Happy St. Patrick’s Day!
The development of effective paragraphing entails four basic rules. I’ve covered these in previous posts, but they are important enough to bear repeating before we move on to other subjects in the next post.
First, unify the paragraph by developing a topic sentence which encompasses its central thought and introduces the paragraph. A good topic sentence goes hand-in-glove with a descriptive paragraph heading. Together, they are the key to locking the reader into your writing. A descriptive topic sentence establishes a basic context for the reader before the details are provided and gives the reader the incentive to read on.
A topic sentence should include only one principal subject and express but one thought. It should tell the reader what the paragraph is about. Let the topic sentence embrace the controlling thought and the rest of the paragraph expand this thought. Work on tightening a rambling paragraph by developing a good topic sentence and then building the paragraph around it.
A busy reader will often skim your topic sentences to get an overall understanding of your writing. Well written topic sentences will make the reader’s task that much easier.
For example, if you were writing about a tip that might help others groove their golf swing, a good topic sentence (or, as here, sentences) might read as follows:
The sweetest swing you ever saw once belonged to Slammin’ Sammy Snead; today it arguably belongs to Freddie Couples; now, it can belong to you. Here’s why. [Next, describe your tip].
Or, if you were writing about a new health product, you could start off like this:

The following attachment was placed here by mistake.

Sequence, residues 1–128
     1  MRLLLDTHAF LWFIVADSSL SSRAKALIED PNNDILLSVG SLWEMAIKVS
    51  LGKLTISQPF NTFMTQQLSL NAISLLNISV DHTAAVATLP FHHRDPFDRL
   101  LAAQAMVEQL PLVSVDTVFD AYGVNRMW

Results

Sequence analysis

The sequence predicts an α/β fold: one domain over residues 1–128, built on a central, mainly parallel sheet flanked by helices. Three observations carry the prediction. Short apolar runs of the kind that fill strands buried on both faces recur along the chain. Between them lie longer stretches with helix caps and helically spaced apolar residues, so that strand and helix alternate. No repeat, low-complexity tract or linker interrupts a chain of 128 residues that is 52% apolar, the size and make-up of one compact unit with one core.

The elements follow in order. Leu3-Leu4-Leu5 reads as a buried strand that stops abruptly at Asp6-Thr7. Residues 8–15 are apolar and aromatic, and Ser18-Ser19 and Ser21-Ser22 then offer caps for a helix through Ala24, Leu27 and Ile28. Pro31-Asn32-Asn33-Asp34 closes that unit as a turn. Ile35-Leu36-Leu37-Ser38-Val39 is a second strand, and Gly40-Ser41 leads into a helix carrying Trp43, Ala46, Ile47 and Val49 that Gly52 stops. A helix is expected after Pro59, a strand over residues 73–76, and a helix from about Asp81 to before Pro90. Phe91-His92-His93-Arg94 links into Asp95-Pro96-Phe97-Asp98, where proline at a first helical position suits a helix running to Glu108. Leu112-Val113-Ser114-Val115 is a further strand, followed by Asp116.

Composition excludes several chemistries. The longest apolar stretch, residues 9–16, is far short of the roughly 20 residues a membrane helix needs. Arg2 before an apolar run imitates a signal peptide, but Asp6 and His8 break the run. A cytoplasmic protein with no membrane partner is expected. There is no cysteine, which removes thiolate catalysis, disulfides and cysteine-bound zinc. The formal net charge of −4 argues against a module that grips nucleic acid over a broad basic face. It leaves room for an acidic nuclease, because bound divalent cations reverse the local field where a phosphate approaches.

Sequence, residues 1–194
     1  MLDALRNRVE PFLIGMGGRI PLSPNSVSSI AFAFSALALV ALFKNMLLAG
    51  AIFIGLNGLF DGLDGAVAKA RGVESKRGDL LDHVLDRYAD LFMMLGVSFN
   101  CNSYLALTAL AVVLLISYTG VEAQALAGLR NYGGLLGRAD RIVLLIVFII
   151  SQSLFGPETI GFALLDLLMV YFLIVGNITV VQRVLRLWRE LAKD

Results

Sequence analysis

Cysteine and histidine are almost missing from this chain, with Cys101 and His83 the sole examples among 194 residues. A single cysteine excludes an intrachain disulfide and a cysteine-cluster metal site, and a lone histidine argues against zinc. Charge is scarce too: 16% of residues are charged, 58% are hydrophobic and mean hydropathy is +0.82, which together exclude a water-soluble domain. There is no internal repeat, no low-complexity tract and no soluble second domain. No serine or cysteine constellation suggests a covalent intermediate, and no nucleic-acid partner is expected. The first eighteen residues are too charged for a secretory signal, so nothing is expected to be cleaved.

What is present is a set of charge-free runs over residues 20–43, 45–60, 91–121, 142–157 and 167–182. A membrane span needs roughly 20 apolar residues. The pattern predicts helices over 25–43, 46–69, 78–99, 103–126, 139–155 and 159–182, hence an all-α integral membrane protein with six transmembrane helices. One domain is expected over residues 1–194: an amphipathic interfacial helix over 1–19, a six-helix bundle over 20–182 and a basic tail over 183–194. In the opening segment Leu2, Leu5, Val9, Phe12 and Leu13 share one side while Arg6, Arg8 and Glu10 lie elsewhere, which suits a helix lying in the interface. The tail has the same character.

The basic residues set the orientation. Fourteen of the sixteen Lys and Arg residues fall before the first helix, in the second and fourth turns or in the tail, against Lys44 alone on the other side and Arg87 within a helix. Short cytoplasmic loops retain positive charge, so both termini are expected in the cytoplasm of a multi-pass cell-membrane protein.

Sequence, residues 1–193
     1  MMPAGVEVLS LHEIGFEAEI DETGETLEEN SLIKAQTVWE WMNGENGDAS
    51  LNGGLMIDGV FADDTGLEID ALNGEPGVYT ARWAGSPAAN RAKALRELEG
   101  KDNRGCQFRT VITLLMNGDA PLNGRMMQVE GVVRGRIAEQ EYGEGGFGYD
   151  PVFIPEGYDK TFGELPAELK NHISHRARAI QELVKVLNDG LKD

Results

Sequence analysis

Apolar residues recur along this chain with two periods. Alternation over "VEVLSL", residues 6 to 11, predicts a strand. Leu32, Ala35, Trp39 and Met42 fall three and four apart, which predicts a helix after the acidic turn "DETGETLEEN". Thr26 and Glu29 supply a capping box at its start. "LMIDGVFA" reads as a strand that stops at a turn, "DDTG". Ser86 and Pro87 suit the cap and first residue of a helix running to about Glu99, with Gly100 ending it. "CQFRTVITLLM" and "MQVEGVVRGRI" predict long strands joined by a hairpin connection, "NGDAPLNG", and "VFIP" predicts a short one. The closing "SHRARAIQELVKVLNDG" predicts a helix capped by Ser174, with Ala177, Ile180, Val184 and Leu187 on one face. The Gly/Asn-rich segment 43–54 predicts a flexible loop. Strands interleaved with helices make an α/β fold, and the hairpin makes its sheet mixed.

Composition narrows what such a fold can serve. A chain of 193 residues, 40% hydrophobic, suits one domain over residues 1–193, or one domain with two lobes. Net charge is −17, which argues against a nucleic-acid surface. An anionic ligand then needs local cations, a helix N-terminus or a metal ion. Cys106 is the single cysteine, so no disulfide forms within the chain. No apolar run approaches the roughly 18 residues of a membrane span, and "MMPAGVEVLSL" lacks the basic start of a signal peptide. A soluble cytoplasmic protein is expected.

For thousands of years ancient healers have believed that forces exist within the human body which can direct and control the course of any life.
Second, arrange sentences to provide coherence in the paragraph. The sequence of expression should be orderly and arranged by time or importance to make the progress of thought easy to follow. Strive for connection between sentences using repetition of key words, reference words, and parallel structure.
Third, use words of transition. Transition words are usually found at the beginning of the next paragraph to help introduce a new thought. They serve to provide a stepping stone to ease the progression from one paragraph to another. Words such as also, further, and in addition, are typically used for this purpose. In this fashion, paragraphs may be linked together into the entire writing.
Fourth, keep paragraph length relatively short to reduce dense text. Short paragraphs create more white space, are more inviting, and are thus easier to read and understand. Paragraphs may vary in length from fifty to three hundred words, depending on content, but the shorter the better. If necessary, break up a long paragraph into two shorter ones.
Even though content determines paragraph length, take steps to highlight paragraph content when necessary. These include use of bullet points and dashes to make it easier to scan listed information, as follows:
Before : Our company sells only naturally developed products. They contain no preservatives, artificial colors, or fillers of any kind. Use of them will increase mental alertness, stabilize metabolism, reduce fatigue, and enhance your body’s ability to stave off disease through its immune system.
After: Our company’s products provide these benefits –
- No preservatives, artificial colors, or fillers of any kind;
- Increase mental alertness;
- Stabilize metabolism;
- Reduce fatigue; and
- Enhance your body’s ability to stave off disease through its immune system.
Upcoming posts will cover guidelines and techniques for writing your first draft.
Copyright 2012. Arnold G, Regardie. All rights reserved.